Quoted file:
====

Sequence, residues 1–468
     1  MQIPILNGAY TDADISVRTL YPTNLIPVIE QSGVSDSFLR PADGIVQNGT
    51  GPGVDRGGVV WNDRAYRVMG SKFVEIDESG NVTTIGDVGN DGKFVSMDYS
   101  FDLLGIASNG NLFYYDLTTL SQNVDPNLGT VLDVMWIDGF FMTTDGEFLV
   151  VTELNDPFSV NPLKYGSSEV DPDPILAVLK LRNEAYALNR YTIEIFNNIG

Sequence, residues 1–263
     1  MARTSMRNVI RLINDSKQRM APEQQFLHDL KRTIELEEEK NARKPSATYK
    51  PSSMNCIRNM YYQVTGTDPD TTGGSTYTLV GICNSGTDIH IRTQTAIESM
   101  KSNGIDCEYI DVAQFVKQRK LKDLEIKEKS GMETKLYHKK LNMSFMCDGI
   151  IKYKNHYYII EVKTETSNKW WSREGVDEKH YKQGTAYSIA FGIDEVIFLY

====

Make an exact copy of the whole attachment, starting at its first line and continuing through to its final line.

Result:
Sequence, residues 1–468
     1  MQIPILNGAY TDADISVRTL YPTNLIPVIE QSGVSDSFLR PADGIVQNGT
    51  GPGVDRGGVV WNDRAYRVMG SKFVEIDESG NVTTIGDVGN DGKFVSMDYS
   101  FDLLGIASNG NLFYYDLTTL SQNVDPNLGT VLDVMWIDGF FMTTDGEFLV
   151  VTELNDPFSV NPLKYGSSEV DPDPILAVLK LRNEAYALNR YTIEIFNNIG

Sequence, residues 1–263
     1  MARTSMRNVI RLINDSKQRM APEQQFLHDL KRTIELEEEK NARKPSATYK
    51  PSSMNCIRNM YYQVTGTDPD TTGGSTYTLV GICNSGTDIH IRTQTAIESM
   101  KSNGIDCEYI DVAQFVKQRK LKDLEIKEKS GMETKLYHKK LNMSFMCDGI
   151  IKYKNHYYII EVKTETSNKW WSREGVDEKH YKQGTAYSIA FGIDEVIFLY